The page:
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Directed Migration of Natural Killer Cells by Microcontact Printing
KTH, School of Engineering Sciences (SCI), Applied Physics.
KTH, School of Engineering Sciences (SCI), Applied Physics.
2014 (English)Independent thesis Basic level (degree of Bachelor), 10 credits / 15 HE creditsStudent thesis
Abstract [en]

NK cells are large granular lymphocytes that patrol the body for defect or virally infected cells. The migration of natural killer (NK) cells is critical for the detection and elimination of aberrant cells such as tumor- and virally infected cells. If a NK cell stumbles upon a target, i.e. an aberrant or stressed cell, the NK cell has the ability to kill the target cell. Limitations in the efficiency of NK cells, such as limited migration speed, and the finite number of target cells that can be killed by one NK cell, leaves the immune system vulnerable to diseases. However it has been shown that NK cell populations are heterogeneous, and from one host to another the overall efficiency of NK cells may vary. If the most efficient NK cells could be isolated from a cell population and cultivated, great numbers of high performing NK cells could then possibly be reintroduced to a body and be used to fight maladies such as cancer and HIV.

In an attempt to bring us closer to these possibilities, and further examine the characteristics of NK cells, a high quality master was manufactured and used for microcontact printing. This project has focused on how NK cell migration is affected by cell structure and whether NK cells can be directed along a pattern to provide a situation where NK cell migration speed can be measured rigorously. This was done by using microcontact printing to create micro patterns of proteins that mimics the geometry of the NK cells migrating phenotype.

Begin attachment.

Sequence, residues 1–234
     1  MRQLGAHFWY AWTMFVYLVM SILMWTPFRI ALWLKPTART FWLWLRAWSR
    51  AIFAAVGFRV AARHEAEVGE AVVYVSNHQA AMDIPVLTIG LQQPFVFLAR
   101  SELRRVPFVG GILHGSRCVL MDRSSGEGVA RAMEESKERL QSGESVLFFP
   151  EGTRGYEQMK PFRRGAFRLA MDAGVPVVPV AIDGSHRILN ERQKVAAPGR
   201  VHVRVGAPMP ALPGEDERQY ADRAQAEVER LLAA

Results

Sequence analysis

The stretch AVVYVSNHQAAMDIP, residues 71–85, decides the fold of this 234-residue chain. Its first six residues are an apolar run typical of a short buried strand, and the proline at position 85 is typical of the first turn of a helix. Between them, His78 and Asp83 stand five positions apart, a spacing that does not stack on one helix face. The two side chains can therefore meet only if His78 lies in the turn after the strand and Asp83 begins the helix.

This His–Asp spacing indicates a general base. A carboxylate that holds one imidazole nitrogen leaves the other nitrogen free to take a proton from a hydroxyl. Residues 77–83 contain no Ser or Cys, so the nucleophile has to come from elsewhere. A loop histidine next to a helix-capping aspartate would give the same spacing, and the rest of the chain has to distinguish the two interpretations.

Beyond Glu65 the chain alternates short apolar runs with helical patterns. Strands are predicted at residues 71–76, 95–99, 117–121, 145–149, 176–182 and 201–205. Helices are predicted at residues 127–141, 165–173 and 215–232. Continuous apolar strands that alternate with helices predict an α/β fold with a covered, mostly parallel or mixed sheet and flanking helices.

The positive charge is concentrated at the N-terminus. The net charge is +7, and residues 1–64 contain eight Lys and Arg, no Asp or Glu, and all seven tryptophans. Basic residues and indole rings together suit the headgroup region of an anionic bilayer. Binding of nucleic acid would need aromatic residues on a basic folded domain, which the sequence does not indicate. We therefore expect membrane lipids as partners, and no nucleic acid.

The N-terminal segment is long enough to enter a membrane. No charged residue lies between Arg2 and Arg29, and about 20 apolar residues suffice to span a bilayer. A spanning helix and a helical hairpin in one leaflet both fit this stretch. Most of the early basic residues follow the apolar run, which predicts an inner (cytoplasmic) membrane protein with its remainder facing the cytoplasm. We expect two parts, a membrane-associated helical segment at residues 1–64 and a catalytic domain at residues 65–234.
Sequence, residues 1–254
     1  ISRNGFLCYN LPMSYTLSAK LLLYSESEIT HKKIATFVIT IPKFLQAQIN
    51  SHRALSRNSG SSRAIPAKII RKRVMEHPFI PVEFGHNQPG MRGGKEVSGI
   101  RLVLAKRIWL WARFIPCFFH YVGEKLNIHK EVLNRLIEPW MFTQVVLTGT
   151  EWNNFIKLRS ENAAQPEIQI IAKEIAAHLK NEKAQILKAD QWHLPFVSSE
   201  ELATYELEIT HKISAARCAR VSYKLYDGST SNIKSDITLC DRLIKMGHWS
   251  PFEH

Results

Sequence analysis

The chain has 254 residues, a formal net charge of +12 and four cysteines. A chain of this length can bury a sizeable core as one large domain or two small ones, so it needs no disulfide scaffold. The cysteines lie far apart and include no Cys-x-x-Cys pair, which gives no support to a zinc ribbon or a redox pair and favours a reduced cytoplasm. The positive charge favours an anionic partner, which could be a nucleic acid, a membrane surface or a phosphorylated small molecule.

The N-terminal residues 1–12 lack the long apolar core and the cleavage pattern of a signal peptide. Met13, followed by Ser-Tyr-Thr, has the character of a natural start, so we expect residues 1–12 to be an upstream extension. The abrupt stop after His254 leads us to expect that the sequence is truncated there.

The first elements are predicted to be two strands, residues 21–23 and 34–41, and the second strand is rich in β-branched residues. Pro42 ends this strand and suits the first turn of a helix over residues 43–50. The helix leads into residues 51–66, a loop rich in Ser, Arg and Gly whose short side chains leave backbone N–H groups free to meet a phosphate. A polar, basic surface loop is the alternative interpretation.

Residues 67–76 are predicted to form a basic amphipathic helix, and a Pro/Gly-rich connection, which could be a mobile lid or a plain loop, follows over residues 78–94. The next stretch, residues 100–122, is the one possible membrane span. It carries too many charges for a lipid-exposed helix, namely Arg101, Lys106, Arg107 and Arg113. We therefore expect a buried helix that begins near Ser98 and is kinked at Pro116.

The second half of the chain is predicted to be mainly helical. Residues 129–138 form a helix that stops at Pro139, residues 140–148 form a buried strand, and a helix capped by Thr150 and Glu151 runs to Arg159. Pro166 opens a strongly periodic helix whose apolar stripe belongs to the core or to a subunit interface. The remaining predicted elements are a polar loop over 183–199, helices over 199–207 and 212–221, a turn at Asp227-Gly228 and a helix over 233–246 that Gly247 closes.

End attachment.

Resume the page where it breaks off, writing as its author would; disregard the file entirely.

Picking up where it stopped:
This report will give a description of the master fabrication process and it will be shown that NK cells can be influenced to move straighter by interacting with a microcontact printed pattern of proteins. Furthermore our results will conclude that NK cell migration speed is not affected significantly by the microcontact printed proteins.

Place, publisher, year, edition, pages
2014. , 19 p.
National Category
Engineering and Technology
URN: urn:nbn:se:kth:diva-145736OAI: diva2:720238
Available from: 2014-05-28 Created: 2014-05-28 Last updated: 2014-05-28Bibliographically approved

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Kandidatexamensrapport Karl Olofsson, Gustav Stenbom(915 kB)100 downloads
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